“New York State businesses, particularly small businesses, need every lifeline they can get right now and to have the federal government relief dry up so soon is not encouraging," said Heather Briccetti, president of the Business Council of New York State. "We hope Congress acts with urgency to provide critical additional resources necessary to ensure businesses stay afloat during this crisis.”

Jones noted that there are other loan programs as well, including the Economic Impact Disaster Loans available directly from the SBA, as well as the new Main Street Lending Program from the Federal Reserve. But the latter is for larger companies, and the details are still being finalized, so it's not yet available. That's what made the PPP ideal.

"There are businesses that didn’t get in in time to take advantage," said Joseph Serbun, executive vice president and chief banking officer at Community Bank System. "It has run the gamut. By and large, our customers understand, but there are some who are angry, upset or disappointed. It runs the gamut, and unfortunately, there was just this huge demand and a finite number of dollars to go around. And once they’re up, they’re up."

M&T – which is already the sixth-largest SBA lender in the country in regular times – approved PPP loans for 27,711 businesses, totaling $6.4 billion in funding, Jones said. Those companies employ more than 621,000 workers.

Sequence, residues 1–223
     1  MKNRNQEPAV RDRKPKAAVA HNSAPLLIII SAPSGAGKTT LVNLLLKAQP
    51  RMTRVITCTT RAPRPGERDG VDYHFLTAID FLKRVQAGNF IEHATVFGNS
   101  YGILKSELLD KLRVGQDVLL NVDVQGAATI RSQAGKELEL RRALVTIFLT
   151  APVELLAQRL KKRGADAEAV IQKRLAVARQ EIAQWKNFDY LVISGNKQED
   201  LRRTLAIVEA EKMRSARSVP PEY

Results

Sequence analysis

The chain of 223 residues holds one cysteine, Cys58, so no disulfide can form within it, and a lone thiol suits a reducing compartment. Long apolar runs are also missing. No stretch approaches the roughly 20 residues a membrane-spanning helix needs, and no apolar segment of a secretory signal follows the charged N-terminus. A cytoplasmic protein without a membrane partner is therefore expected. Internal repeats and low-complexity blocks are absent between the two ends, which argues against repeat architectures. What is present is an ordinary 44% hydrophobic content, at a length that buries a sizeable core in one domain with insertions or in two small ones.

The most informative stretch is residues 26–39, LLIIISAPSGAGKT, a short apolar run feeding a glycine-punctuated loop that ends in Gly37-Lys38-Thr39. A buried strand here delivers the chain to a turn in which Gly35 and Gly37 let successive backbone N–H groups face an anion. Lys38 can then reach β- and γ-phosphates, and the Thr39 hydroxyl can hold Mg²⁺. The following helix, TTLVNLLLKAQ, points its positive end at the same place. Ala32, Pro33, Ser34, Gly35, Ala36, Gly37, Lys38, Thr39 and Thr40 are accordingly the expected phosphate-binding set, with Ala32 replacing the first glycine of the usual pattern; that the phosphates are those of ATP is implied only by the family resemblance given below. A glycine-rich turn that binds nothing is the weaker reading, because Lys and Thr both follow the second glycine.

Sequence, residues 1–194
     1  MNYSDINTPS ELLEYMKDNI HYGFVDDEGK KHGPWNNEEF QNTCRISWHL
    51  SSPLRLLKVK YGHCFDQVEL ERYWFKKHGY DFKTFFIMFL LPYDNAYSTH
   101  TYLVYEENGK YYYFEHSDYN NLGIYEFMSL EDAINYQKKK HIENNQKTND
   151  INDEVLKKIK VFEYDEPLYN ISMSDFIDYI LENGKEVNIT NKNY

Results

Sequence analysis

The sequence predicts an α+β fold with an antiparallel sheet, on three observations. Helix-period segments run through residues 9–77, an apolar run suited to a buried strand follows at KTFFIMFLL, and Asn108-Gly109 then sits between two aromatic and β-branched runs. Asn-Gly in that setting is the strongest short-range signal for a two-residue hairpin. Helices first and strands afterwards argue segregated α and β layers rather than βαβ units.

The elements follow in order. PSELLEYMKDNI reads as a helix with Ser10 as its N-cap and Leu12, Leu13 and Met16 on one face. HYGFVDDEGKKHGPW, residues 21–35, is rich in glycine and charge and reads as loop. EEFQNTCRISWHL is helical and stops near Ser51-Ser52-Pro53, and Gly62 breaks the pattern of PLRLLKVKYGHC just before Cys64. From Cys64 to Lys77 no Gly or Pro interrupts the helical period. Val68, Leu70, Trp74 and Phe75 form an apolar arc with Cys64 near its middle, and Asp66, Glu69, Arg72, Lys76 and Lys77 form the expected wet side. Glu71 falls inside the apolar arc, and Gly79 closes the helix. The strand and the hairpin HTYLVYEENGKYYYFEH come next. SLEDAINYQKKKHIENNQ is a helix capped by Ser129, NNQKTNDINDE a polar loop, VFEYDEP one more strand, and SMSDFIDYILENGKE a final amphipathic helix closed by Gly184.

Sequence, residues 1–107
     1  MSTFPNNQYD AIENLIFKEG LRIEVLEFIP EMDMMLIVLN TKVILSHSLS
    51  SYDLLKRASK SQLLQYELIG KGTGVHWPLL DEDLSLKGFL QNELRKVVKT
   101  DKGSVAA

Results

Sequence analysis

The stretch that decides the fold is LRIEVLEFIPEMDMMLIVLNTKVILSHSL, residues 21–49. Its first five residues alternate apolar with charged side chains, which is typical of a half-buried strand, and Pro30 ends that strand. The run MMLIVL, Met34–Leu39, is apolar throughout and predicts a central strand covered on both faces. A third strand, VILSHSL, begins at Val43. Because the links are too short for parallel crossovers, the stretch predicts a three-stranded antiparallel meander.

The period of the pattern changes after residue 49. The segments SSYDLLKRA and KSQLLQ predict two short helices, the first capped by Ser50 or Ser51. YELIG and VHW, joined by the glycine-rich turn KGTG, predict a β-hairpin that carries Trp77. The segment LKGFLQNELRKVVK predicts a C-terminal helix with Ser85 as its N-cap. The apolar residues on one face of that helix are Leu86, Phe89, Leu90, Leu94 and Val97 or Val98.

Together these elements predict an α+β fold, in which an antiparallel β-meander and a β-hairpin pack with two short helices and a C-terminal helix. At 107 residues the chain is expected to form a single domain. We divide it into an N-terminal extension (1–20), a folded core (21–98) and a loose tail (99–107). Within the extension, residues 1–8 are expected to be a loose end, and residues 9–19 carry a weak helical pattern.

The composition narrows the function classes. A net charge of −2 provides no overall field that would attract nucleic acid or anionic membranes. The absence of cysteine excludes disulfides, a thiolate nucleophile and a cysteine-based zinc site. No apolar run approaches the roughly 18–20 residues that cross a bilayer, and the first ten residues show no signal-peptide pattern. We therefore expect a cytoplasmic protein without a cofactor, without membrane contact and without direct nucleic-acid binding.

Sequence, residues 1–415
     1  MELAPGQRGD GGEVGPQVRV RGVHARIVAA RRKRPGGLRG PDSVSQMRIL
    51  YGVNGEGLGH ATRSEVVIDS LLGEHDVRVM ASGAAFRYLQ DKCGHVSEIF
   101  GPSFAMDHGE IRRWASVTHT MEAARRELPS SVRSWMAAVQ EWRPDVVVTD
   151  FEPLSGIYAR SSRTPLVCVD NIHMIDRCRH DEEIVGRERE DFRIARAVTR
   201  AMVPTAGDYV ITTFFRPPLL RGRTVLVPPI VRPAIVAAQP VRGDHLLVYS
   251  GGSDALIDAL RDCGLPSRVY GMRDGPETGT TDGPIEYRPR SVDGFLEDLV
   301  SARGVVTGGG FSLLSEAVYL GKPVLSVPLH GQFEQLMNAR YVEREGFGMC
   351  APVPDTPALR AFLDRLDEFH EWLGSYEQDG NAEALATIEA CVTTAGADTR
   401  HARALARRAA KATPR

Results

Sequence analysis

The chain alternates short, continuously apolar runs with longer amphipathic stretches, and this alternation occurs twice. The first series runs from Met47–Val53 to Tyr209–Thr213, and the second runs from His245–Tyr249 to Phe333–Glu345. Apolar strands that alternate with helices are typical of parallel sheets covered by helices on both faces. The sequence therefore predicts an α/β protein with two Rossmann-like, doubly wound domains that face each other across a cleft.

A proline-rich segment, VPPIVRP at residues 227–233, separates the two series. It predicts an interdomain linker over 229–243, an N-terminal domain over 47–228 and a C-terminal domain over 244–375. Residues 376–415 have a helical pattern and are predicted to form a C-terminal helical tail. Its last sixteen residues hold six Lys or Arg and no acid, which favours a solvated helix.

The average loan size was $234,000, but more than 45% of the approved loans were for less than $50,000, Jones said.

That was 96% of the qualified applications that the bank had received from its entire multi-state footprint from New York to Virginia.

But it's still not enough, Jones noted.

"While it will have a significant impact, and this is a great milestone, this is going to be a long and difficult journey," he said. "We need to make sure no one gets left behind."

Cleveland-based KeyCorp, the region's No. 2 bank, processed about 35,000 applications seeking $8.5 billion in funds as of April 15, said spokesman Matthew Pitts.

“KeyBank remains committed to working with our clients to support them during this critical time," Pitts said. "While the Paycheck Protection Program is on hold because the initial funds have been exhausted, we are hopeful for the expansion of the program’s support and encourage Congress to act quickly."

Jones said he was particularly proud of how M&T had responded to the crisis. The program was formally launched on Friday, April 3, but M&T – like many banks – didn't start taking applications until the following Monday.

So the bank's loan officers worked with clients in advance over that weekend to make sure they were prepared with their paperwork. M&T also worked with a technology provider to build its streamlined online application system.

M&T normally handles just under 1,500 SBA loans in an entire year. To handle the volume and pace needed for PPP, the bank's SBA processing unit of 25 ballooned to nearly 2,000 employees.

"It was really inspiring to see how our team rallied through the PPP process," Jones said. "This program helped a lot of small businesses."

He said the applications were heavily front-loaded, with 83% of them coming on the first day M&T took applications on April 6, and then tapering off after that.

"The application process showed the size of the demand," he said. "We'll continue to lobby on their behalf."